You may have been blessed with a genetic make-up that keeps your blood pressure (BP)—the pressure on your arteries as blood is pumped throughout your body—in a healthy range. But blood pressure does climb as you age. Part of the reason for this is that your arteries stiffen over time.

Do I have high blood pressure?

High blood pressure, or hypertension, has been commonly defined as blood pressure measurement of 140/90 (“140 systolic over 90 diastolic”) or higher—the numbers that are read from a blood pressure cuff that is put on your arm or wrist.

According to 2014 Statistics Canada figures, 44% of Canadians aged 65-74 have hypertension by this definition, and 49% (men) and 55% (women) aged 75 and older have the condition.

What should my blood pressure be?

Since the stiffening of arteries is a normal part of aging, the medical profession has generally considered that higher blood pressure is an expected part of aging. Furthermore, the optimum blood pressure target is different for different people.

But some medical practitioners believe that the systolic blood pressure (the first number) should be kept below 120. A five-year study1 with more than 9,300 people at risk of heart disease, or who already had kidney disease, found that those with aggressively treated (with medication) blood pressure of 120 (compared to those with BP of 140) where one-third less likely to suffer heart failure, a nonfatal heart attack or a stroke during the trial.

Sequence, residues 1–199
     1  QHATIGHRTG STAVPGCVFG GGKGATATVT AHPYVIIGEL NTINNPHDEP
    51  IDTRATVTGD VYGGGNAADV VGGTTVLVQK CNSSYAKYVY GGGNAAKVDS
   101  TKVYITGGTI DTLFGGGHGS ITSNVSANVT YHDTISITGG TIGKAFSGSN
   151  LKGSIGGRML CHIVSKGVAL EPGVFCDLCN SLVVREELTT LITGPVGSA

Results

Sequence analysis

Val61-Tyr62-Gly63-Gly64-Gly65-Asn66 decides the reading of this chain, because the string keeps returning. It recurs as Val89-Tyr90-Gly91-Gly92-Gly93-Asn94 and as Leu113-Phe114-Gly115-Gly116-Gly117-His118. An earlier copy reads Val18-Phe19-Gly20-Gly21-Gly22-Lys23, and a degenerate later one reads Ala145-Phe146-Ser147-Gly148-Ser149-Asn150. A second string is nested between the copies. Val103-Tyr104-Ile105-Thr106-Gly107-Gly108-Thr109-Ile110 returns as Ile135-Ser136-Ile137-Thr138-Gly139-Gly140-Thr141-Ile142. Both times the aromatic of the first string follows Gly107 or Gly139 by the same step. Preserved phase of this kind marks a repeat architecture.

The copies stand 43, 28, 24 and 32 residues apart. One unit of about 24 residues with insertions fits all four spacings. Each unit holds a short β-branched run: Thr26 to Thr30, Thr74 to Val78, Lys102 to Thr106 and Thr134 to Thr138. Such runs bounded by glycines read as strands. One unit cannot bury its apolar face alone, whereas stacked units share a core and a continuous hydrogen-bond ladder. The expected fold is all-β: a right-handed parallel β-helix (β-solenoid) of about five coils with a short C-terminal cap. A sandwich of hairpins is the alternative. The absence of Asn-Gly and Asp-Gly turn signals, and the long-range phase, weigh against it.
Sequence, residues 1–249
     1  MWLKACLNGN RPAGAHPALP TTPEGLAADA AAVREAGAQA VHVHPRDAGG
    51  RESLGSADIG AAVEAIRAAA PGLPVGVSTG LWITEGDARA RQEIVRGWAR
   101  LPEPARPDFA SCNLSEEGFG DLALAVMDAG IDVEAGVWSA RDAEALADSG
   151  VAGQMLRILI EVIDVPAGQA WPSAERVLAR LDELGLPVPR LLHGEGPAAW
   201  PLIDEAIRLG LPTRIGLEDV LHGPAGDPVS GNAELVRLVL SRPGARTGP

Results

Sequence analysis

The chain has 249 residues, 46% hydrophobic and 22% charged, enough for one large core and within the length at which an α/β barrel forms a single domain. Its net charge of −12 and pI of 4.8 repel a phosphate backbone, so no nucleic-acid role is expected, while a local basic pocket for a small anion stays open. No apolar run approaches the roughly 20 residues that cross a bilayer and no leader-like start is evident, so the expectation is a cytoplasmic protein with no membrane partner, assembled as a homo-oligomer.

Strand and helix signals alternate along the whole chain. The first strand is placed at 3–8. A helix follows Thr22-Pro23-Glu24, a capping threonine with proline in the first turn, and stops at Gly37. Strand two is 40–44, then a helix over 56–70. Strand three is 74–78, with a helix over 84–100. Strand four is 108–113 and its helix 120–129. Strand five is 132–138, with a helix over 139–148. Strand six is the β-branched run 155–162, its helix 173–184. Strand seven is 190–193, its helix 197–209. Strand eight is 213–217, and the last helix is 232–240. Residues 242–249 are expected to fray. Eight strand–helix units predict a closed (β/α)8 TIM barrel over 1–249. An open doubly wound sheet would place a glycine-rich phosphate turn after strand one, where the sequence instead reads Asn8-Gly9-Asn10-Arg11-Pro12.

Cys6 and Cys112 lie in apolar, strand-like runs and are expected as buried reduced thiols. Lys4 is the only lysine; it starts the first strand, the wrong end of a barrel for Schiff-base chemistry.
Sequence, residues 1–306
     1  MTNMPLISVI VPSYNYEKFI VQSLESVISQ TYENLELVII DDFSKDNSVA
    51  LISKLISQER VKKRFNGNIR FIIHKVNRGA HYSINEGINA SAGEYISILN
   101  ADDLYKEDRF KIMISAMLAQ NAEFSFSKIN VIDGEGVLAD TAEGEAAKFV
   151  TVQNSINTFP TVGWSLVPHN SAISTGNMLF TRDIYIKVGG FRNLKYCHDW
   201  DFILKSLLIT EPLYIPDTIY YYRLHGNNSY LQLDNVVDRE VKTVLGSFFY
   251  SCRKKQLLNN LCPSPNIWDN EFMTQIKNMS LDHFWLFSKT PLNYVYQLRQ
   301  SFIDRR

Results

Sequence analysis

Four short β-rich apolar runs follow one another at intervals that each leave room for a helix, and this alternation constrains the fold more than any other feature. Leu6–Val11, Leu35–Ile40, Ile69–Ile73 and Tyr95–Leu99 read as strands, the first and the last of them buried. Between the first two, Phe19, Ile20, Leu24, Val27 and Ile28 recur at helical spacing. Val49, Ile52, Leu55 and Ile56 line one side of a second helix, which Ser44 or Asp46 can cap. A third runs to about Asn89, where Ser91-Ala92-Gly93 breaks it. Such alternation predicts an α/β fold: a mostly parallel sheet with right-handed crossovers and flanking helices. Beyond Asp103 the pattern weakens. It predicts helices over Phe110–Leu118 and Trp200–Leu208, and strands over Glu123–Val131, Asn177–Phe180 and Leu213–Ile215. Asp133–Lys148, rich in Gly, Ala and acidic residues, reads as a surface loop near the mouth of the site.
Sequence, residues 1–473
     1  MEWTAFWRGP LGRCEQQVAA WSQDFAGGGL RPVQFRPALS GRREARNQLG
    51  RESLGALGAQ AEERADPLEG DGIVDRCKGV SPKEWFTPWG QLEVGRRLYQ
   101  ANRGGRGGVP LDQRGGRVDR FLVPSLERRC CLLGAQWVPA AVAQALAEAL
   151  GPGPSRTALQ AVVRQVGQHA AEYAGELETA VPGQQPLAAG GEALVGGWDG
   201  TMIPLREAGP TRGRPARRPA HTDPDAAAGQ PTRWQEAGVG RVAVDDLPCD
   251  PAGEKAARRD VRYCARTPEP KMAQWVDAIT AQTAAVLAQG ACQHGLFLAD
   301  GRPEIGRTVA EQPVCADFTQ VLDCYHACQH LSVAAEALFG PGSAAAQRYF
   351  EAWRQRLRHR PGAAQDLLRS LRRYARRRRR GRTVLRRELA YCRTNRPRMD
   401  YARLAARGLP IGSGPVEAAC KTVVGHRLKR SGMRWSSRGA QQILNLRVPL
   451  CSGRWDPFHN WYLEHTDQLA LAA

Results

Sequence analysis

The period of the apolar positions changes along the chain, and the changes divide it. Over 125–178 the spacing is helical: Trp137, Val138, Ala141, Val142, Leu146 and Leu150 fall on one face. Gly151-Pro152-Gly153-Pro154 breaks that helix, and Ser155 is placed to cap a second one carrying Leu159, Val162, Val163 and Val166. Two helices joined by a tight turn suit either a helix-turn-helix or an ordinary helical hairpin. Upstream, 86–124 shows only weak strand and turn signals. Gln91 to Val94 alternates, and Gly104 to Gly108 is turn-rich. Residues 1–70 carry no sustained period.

What can I do to manage my blood pressure?

  • Know your blood pressure. Have regular check-ups with your doctor; monitor your own blood pressure at home with a quality BP cuff.

  • Eat “healthy”. Cutting back on salt and eating fruits and vegetables can reduce high blood pressure by about 5 points.

  • Exercise. A 2016 review by Swedish researchers found that physical activity—including strength training and aerobic exercises—can reduce systolic pressure by an average of 11 points in people with hypertension.

  • Get a grip! According to a 2013 report2, people performing handgrip exercises for eight weeks lowered their systolic blood pressure by 15 points and their diastolic pressure by 5 points.

  • And pump iron! Strength training exercises (under the supervision of a certified trainer, with of course, the approval of you doctor or specialist) can also help you lower your blood pressure.*


Randall Lightbown, creator of the Simply Stronger Program and owner of the Seniors’ gym

1. Systolic Blood Pressure Intervention Trial (SPRINT), 2015.

2. American Heart Association report on 2010 Study published by Hypertension.

* For more info on the benefits of “muscle conditioning”, read Physical Activity to prevent and treat high blood pressure, a flyer published by the Société québécoise d’hypertension artérielle (

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